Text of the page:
Interest Rate Roundup

Thursday, October 12, 2006

Goldilocks Beige Book? Are you serious?

CNBC is currently saying the latest Fed Beige Book report is a "Goldilocks" report -- showing an economy that's not too hot, not too cold, and that has no inflationary pressures whatsoever. I'm not a raging inflationist, or anything, but I do think this report is anything BUT Goldilocks, and that it shows inflation pressures remain in the market. Just look at the following section of text -- while the overview copy claims price pressures are tame, virtually all the SUPPORTING copy talks about a tight labor market, still-high raw materials prices and pass-through at some businesses. Go figure. Bonds aren't showing much of a reaction to the news. They were recently up 6/32, about where they were trading before the Fed comments came out.

Employment, Wages, Prices

Labor market conditions remained taut since our last report. The Boston, Philadelphia, Richmond, Minneapolis and Dallas reports characterized labor markets as generally tight, particularly for skilled workers, while the remaining Districts noted that job growth was steady to stronger. Six Districts mentioned labor shortages, particularly for professional, scientific, and other technical workers. In addition, Kansas City said retailers faced shortages of experienced sales workers and Atlanta indicated that residential construction firms were having difficulty obtaining qualified construction workers, despite the slowdown in building activity. In contrast, Cleveland reported that roughly half of the homebuilders they contacted had reduced their labor force.

Wage growth around the nation was generally modest, although faster wage growth for skilled services workers was cited by a number of Districts. The San Francisco District noted that a short supply of healthcare, finance and construction workers pushed wages higher. In addition, Richmond noted a sharp uptick in retail wages and Atlanta reported that some manufacturers had raised entry-level wages in an effort to attract workers.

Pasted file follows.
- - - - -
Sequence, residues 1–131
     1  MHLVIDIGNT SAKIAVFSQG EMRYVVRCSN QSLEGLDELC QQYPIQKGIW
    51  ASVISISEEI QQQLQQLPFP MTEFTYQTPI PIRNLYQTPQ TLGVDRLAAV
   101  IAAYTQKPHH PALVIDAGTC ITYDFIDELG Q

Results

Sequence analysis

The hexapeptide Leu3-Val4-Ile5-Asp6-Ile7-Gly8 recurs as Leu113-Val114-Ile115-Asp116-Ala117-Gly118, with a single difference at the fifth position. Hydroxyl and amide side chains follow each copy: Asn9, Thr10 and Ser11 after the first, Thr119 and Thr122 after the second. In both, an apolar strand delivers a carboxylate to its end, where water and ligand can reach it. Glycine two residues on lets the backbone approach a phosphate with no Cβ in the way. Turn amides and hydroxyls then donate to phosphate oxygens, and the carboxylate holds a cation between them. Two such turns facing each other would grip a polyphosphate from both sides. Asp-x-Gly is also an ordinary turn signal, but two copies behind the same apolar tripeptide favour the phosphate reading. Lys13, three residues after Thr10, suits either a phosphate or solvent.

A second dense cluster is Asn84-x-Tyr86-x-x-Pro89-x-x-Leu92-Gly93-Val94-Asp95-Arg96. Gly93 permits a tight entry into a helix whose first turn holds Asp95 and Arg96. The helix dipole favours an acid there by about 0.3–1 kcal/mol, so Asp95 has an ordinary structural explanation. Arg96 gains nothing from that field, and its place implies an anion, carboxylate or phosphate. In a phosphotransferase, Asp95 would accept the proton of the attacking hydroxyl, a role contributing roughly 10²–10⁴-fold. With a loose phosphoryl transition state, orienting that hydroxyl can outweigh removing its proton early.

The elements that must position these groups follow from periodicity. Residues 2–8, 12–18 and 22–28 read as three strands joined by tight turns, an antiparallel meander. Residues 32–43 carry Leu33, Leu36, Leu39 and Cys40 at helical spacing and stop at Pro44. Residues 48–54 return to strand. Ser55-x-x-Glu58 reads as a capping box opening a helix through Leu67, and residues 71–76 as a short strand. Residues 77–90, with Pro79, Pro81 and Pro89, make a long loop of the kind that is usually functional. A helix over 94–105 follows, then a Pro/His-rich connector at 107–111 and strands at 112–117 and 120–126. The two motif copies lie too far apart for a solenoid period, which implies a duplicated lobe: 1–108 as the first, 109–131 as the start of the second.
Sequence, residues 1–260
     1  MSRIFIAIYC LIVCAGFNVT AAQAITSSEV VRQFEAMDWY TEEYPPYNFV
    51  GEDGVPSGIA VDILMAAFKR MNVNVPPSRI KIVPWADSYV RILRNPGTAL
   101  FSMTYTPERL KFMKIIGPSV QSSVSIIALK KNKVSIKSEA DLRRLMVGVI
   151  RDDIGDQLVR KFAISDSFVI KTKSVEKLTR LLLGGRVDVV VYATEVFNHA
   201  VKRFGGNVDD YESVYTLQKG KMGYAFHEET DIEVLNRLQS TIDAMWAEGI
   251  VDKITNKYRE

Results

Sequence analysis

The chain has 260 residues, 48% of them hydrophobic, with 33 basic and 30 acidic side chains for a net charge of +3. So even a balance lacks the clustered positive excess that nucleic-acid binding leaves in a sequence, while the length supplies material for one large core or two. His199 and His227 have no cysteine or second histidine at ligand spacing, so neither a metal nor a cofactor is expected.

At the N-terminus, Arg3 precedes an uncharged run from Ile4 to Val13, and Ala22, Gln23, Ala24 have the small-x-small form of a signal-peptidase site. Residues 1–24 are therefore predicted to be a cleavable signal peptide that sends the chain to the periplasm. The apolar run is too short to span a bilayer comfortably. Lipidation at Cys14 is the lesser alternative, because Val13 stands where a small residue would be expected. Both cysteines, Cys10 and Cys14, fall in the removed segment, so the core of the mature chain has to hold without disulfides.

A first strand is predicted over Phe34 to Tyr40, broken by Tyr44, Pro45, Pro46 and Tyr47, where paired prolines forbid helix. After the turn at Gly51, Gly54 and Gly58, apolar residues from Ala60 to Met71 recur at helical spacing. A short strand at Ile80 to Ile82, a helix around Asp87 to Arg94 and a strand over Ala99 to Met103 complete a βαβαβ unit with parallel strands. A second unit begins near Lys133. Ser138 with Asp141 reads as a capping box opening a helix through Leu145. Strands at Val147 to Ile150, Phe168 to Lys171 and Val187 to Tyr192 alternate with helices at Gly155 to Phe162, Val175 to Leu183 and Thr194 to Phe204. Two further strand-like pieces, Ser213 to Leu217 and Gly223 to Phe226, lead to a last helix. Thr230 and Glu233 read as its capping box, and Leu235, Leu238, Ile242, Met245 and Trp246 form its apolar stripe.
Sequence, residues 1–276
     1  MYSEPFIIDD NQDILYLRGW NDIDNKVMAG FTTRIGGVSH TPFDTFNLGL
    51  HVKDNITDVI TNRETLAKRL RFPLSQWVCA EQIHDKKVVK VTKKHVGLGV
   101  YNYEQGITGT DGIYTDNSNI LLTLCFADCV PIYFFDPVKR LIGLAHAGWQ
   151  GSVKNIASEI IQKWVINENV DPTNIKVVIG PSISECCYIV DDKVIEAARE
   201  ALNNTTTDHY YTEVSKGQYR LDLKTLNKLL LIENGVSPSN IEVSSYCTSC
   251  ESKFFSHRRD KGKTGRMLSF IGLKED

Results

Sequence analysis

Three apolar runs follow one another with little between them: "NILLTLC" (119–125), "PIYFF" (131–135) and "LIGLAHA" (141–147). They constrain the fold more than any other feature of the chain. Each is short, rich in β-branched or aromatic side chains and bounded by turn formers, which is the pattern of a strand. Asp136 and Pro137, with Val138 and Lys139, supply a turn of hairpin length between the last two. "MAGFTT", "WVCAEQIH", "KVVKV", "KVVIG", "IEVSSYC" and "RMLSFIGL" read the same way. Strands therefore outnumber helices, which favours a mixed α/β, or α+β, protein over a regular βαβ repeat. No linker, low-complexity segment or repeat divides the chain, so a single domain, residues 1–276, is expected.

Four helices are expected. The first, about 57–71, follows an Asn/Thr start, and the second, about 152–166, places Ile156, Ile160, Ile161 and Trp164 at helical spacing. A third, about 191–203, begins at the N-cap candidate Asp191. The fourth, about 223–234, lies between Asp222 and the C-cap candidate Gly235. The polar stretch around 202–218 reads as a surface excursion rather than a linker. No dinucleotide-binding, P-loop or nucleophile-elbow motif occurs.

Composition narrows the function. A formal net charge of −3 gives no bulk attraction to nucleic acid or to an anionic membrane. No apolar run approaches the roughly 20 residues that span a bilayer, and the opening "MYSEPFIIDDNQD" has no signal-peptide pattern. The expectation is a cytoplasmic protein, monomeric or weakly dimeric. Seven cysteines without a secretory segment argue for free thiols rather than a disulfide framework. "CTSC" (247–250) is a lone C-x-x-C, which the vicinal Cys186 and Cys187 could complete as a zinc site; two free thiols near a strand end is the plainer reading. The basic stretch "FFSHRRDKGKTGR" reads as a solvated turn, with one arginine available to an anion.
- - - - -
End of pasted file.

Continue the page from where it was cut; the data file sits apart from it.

Most Districts reported few signs of increased price pressures in recent weeks. A number of Districts said that energy prices moderated, but increases in raw materials prices were noted by Philadelphia, Richmond and Atlanta, and a rise in building materials prices was reported by Minneapolis. Instances of businesses passing on higher costs were scattered across Districts; Cleveland and Atlanta said some manufacturers attempted to raise output prices while Boston reported increases in retail prices. Boston also reported that costs for some businesses had increased--especially for airfare and hotel accommodations. Likewise, the New York District noted that accommodation and theatre ticket prices had risen sharply compared to a year ago.


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